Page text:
Further Mathematical Methods

This information is for the 2020/21 session.

Teacher responsible

Prof Jozef Skokan and Dr James Ward


This course is compulsory on the BSc in Actuarial Science, BSc in Business Mathematics and Statistics, BSc in Financial Mathematics and Statistics, BSc in Mathematics and Economics, BSc in Mathematics with Economics and BSc in Mathematics, Statistics and Business. This course is available on the BSc in Economics, BSc in Management and MSc in Economics (2 Year Programme). This course is available as an outside option to students on other programmes where regulations permit. This course is available with permission to General Course students.


Students should ideally have taken the course Mathematical Methods (MA100) or equivalent, entailing intermediate-level knowledge of calculus and linear algebra, linear independence, eigenvalues, diagonalisation, and proficiency in techniques of differentiation and integration.

Course content

This course develops ideas first presented in MA100. It is divided into two halves: calculus and linear algebra. The calculus half explores how integrals may be calculated or transformed by a variety of manipulations, and how they may be applied to the solution of differential equations. This aim is achieved by studying the following topics: Limit calculations. Riemann integral. Multiple integration. Improper integrals. Manipulation of integrals. Laplace transforms. Riemann-Stieltjes integral, to a level of detail dependent on time constraints. The linear algebra half covers the following topics: Vector spaces and dimension. Linear transformations, kernel and image. Real inner products. Orthogonal matrices, and the transformations they represent. Complex matrices, diagonalisation, special types of matrix and their properties. Jordan normal form, with applications to the solutions of differential and difference equations. Singular values, and the singular values decomposition. Direct sums, orthogonal projections, least square approximations, Fourier series. Right and left inverses and generalized inverses.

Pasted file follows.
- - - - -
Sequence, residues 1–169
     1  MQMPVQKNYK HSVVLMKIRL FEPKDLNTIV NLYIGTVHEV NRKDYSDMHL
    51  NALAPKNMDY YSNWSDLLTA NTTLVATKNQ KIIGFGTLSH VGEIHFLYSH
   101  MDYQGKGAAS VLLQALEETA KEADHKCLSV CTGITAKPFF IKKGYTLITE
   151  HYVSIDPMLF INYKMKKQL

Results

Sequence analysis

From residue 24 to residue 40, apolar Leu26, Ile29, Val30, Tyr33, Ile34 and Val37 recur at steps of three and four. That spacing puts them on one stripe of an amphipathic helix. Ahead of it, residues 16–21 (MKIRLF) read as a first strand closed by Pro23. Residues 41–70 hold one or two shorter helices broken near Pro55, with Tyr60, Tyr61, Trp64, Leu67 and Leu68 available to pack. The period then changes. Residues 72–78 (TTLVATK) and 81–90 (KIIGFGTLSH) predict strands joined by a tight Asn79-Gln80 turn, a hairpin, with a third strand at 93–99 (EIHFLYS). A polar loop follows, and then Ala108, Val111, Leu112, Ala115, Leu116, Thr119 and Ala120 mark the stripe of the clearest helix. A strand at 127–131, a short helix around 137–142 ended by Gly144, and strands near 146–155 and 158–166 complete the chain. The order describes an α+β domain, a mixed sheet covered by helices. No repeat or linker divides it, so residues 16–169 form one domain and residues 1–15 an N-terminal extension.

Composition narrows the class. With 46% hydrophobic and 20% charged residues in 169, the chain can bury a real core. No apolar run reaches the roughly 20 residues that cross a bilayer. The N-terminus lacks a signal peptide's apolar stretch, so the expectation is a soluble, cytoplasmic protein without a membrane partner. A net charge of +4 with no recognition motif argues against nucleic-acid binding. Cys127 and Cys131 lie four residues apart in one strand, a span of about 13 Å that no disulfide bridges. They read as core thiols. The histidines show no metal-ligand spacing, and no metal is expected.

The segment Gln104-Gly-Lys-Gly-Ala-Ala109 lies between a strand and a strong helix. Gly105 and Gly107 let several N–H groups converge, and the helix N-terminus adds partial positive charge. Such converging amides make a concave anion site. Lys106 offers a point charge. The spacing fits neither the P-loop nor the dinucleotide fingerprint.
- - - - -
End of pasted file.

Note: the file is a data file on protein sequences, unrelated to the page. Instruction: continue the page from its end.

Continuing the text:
This course is delivered through a combination of lectures, help sessions and classes totalling a minimum of 80 hours across Michaelmas Term and Lent Term. This year, some or all of this teaching will be delivered through a combination of virtual classes and lectures delivered as online videos.

Formative coursework

Written answers to set problems will be expected on a weekly basis.

Indicative reading

Useful background texts:

(i) for the calculus half:

Ken Binmore and Joan Davies, Calculus, Concepts and Methods (Cambridge University Press 2002);

Robert C. Wrede and Murray R. Spiegel, Advanced Calculus (McGraw-Hill Education; 3rd edition 2010).

(ii) for the linear algebra half:

Martin Anthony and Michele Harvey, Linear Algebra: Concepts and Methods (Cambridge University Press 2012).


Exam (100%, duration: 3 hours) in the summer exam period.

Important information in response to COVID-19

Please note that during 2020/21 academic year some variation to teaching and learning activities may be required to respond to changes in public health advice and/or to account for the situation of students in attendance on campus and those studying online during the early part of the academic year. For assessment, this may involve changes to mode of delivery and/or the format or weighting of assessments. Changes will only be made if required and students will be notified about any changes to teaching or assessment plans at the earliest opportunity.

Key facts

Department: Mathematics

Total students 2019/20: 283

Average class size 2019/20: 15

Capped 2019/20: No

Value: One Unit

Guidelines for interpreting course guide information

Personal development skills

  • Self-management
  • Problem solving
  • Application of information skills
  • Communication
  • Application of numeracy skills
  • Specialist skills